Now that NATO’s exit strategy from Afghanistan is clear, I am reposting an earlier blog entry showing scenes from Afghanistan in 2002. I hope that the hard won gains and the progress made by the Afghan people are not eroded as nations head to the exits in 2014.
In 2002, I was able to spend time in Afghanistan between August and October and to travel to Mazar-i-Sharif and Bamyan. The Taleban had gone (as it turned out, temporarily) and there was relative peace in most of the country. The security threat was considered to be low and commerce had begun to flourish, at least in Kabul.
These pictures were taken in Kabul and in Mazar-i-Sharif. The Kabul photos were taken in and around Chicken Street and on a road just outside the city. They show a baker across the road from the Mustafa Hotel (I think), a roadside grilled meat merchant and general street views.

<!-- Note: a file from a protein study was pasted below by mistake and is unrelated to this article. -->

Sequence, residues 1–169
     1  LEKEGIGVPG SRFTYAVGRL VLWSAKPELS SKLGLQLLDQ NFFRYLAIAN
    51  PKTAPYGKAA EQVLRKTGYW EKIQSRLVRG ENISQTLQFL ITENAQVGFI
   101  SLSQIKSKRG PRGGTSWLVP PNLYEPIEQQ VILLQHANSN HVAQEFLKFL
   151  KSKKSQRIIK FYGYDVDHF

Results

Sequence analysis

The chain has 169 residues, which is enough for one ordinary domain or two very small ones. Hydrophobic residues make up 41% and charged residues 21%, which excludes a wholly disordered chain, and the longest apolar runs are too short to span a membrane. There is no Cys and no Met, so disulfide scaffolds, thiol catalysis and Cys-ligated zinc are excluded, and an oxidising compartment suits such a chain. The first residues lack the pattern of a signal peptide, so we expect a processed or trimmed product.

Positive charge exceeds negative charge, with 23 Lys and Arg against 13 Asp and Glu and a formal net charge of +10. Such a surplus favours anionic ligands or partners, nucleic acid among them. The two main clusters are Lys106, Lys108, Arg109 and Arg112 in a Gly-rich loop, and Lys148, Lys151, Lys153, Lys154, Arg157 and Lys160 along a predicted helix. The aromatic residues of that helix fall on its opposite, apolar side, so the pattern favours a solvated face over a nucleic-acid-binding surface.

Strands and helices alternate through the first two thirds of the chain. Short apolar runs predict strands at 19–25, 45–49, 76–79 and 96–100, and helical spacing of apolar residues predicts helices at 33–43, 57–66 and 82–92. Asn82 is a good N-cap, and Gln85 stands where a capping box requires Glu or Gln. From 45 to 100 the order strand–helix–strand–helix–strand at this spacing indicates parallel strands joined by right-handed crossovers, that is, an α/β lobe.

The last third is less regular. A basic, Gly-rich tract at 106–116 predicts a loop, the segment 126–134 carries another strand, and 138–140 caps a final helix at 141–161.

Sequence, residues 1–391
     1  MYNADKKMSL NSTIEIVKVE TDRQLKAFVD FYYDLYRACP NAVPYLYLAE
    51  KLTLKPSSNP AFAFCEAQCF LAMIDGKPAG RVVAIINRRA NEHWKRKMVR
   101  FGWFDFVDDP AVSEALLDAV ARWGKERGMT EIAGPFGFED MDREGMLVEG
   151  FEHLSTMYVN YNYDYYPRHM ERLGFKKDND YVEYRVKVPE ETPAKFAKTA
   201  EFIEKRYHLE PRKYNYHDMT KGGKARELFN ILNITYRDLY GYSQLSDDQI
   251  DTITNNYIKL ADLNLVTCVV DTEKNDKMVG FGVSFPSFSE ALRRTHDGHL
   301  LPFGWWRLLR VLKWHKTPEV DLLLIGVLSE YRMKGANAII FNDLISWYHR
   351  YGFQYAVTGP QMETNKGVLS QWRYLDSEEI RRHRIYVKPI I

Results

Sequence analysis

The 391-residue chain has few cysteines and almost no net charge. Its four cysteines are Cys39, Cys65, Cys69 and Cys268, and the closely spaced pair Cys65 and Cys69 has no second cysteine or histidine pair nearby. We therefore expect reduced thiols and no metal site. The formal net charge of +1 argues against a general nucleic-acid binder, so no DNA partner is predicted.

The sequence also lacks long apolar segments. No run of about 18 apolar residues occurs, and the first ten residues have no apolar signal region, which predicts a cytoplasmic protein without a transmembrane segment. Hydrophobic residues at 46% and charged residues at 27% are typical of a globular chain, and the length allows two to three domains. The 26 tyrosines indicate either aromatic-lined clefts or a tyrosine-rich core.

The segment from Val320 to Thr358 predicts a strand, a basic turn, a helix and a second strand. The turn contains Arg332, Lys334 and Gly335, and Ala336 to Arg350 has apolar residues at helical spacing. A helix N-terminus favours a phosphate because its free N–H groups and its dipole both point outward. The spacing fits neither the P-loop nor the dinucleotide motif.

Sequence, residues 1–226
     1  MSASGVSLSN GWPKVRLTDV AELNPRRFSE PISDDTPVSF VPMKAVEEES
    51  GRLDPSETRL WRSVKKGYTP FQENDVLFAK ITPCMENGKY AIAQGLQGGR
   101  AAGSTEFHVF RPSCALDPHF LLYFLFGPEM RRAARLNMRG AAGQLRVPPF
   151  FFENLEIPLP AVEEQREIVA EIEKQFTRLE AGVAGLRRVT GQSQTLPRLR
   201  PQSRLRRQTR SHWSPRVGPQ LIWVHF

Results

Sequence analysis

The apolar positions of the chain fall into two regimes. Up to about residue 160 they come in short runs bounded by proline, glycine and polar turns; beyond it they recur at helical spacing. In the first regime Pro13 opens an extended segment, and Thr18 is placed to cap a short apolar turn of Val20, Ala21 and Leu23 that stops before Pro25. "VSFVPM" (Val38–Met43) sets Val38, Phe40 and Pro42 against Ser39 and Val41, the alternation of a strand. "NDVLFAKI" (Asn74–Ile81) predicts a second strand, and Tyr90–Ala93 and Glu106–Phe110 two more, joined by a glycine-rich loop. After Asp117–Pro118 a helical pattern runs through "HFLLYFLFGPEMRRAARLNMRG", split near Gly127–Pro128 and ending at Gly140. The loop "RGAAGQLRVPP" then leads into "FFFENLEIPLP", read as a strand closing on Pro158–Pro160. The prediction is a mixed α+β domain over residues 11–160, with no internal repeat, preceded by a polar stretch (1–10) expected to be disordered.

Chicken Street is a market street which focused on the foreign market—Afghan carpets, furs, and “authentic” souvenirs like ancient Greek coins, or old rifles from the British Afghan wars. Before the Afghan war with the Soviet Union, Kabul had been part of the hippy trail.
Kabul is an incredibly dusty and polluted city and it shows in the photos. The dust comes from unpaved roads, large numbers of cars and generators and open fires. The Mazar-i-Sharif photo shows the man who looks after the shoes of worshippers at the Blue Mosque. Sadly, he is squinting into the sun—not the best, but you have to take what you can get.
The pictures were taken on Tri-X with a Nikon F-90, 24mm lens and a 35 to 135 lens. They were developed in a dusty bathroom and much Photoshop energy when into removing the dust spots. The F-90 was a good camera and one which I regret selling, but it funded my entry into the digital world. The 24mm lens lives on and does great work on my other Nikons.